THE COURT: Mrs. T[.], did you receive from the Sheriff a copy of a juvenile petition alleging that your son, Christopher, on or about the 9th of July, 1998 here in Charles County committed some offenses that would be criminal offenses if he were over the age of 18?

MS. T[.]: Yes, sir.

THE COURT: Okay. And we are going to schedule this matter for a trial in court to determine whether he was involved in the commission of those offenses. If he was he can be found to be a delinquent child. That trial is going to be held on the 4th day of November. Your son is entitled to be represented by a lawyer when he comes to that trial. If you can't afford to employ an attorney for him or don't want to hire a lawyer for him I will refer you to the Public Defender and if he qualifies for their services they will appoint a lawyer to represent him. Do you want me to refer him to the Public Defender?

MS. T[.]: No.

THE COURT: Okay. Madam Clerk I want your docket entry to reflect that Mrs. T[.] and her son appeared, that she doesn't want to be referred to the Public Defender, case is scheduled for hearing on the 4th of November at 9:30.

We will give you notice of that hearing date, Mrs. T[.]. You should give that as well as the paper you got from the Sheriff to the lawyer you hire to represent your son. Have him back here at 9:30 on the 4th of November.

Thank you Ma'am.

Christopher and his mother returned to court on November 4, 1998, for the adjudicatory hearing. On that day, neither appellant nor his mother specifically expressed a desire to waive counsel. The following colloquy is relevant:

THE COURT: When you were in court, Ms. T[.], with your son, on the 2nd of October, you refused my offer to refer him to the Public Defender. Did you hire a lawyer for your son?

MS. T[.]: No, I didn't, Your Honor.

THE COURT: Are you ready to proceed today without an attorney?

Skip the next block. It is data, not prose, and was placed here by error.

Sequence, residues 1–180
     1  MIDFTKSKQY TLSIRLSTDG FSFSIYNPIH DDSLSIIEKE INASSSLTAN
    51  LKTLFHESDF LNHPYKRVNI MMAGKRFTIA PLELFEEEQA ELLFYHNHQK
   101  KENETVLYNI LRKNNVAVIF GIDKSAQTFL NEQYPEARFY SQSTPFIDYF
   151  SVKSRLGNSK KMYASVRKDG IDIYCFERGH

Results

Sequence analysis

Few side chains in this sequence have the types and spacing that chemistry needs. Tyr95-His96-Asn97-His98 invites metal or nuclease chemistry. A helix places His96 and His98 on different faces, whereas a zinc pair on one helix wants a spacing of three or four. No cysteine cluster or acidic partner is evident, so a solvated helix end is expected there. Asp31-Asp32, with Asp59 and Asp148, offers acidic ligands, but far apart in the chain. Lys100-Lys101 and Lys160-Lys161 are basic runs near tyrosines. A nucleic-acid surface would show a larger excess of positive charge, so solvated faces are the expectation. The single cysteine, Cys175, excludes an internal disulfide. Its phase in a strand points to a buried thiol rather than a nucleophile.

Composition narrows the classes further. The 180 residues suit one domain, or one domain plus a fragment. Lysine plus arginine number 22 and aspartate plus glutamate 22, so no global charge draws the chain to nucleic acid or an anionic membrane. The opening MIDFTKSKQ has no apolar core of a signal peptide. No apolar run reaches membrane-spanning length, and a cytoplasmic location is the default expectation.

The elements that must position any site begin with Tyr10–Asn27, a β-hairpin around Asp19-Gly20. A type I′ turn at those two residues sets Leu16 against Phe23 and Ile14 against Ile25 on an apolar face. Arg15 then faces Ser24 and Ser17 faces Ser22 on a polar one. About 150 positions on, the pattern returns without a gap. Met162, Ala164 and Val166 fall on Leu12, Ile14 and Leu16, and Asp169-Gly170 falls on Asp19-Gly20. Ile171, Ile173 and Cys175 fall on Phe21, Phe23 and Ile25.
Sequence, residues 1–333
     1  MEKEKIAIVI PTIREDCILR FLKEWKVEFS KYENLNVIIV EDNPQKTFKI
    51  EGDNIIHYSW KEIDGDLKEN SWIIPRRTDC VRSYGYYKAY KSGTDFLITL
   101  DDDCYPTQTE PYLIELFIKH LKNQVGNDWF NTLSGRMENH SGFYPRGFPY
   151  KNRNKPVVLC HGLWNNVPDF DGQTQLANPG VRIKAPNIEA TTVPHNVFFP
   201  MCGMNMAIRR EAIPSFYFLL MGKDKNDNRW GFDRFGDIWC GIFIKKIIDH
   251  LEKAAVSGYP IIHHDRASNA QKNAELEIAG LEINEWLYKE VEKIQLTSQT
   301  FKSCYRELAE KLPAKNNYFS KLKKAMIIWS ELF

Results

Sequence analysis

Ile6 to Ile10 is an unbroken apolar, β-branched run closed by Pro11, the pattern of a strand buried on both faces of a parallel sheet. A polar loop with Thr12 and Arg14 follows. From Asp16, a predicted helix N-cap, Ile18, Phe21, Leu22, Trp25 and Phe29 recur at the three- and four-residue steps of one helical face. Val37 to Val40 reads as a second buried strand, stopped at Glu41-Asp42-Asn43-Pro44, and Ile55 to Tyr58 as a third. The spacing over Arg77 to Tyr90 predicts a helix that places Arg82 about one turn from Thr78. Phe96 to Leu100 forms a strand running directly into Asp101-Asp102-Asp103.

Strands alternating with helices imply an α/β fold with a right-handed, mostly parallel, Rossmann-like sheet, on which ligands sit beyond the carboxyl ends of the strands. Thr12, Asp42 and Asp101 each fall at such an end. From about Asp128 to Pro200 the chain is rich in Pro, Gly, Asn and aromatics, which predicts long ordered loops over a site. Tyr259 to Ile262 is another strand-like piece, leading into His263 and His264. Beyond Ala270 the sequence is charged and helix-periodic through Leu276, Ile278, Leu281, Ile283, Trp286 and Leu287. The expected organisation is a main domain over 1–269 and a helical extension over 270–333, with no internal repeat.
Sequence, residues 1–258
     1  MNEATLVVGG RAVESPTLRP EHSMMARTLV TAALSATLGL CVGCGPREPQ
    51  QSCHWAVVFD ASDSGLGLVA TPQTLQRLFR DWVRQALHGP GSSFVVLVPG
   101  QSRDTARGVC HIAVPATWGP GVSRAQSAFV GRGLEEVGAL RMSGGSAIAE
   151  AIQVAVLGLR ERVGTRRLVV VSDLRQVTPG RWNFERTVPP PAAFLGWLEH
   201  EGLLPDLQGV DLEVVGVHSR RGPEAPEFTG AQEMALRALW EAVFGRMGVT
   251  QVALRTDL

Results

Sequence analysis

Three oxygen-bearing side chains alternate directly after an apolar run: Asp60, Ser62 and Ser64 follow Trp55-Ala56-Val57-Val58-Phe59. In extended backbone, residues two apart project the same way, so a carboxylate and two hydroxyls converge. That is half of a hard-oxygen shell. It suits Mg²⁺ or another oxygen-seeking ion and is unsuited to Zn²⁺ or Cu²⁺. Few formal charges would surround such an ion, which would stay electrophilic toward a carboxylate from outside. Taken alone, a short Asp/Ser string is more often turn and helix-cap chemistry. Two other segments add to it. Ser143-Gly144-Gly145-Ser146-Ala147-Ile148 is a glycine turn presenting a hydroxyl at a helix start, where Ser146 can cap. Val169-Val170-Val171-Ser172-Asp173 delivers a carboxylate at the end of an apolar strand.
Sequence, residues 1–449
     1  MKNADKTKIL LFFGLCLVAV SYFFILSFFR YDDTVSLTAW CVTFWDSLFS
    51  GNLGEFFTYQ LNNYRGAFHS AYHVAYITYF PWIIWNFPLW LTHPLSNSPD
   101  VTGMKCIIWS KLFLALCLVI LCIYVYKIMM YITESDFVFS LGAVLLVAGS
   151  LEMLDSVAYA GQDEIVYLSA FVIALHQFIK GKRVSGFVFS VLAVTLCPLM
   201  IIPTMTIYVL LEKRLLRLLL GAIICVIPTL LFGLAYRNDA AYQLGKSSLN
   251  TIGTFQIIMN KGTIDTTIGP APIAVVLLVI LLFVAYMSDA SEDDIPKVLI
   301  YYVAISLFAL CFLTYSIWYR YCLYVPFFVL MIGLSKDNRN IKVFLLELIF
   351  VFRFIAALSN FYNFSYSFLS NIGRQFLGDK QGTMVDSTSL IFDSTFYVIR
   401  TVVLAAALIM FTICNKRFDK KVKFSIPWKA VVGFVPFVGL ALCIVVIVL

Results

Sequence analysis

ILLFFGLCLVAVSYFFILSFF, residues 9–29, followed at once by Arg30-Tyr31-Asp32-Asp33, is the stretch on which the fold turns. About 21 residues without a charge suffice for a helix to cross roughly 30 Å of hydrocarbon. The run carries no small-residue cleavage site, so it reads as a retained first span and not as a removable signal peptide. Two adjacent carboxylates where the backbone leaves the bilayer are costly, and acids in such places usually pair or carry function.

MS. T[.]: I don't know.

THE COURT: Two answers — yes or no.

MS. T[.]: Yes. No.

* * *

THE COURT: Ms. T[.], when you were here before I asked you whether you wanted to proceed in this case without a lawyer representing Christopher, and you didn't respond to that. Have you thought about that?

MS. T[.]: Yes.

THE COURT: What is your response to that?

MS. T[.]: I am not going to proceed without a lawyer.

THE COURT: How come you haven't gotten him a lawyer?

MS. T[.]: Because of the events, I wasn't aware — okay. I knew my son didn't do it, is the basic thing, so I didn't see why he did need an attorney, but I just saw this letter, and I am hearing all of this other stuff, and I am going, wait a second, there is no way I am just going to go, like, he is guilty of something that he is not guilty of. I just can't do it and what do I know about the court.

THE COURT: What do you want?

MS. T[.]: I just don't know anything about this sort of thing, so I just figured I would just go and say he was not guilty and that would be done with it and I would just tell them what happened and stuff. Like I say, I just saw this letter that says we have done this and we have done that, and I know we have not participated in any sort of thing like that, so, you know, I am just — no, I don't want to proceed. I do want to see an attorney.

THE COURT: You did the last time, too.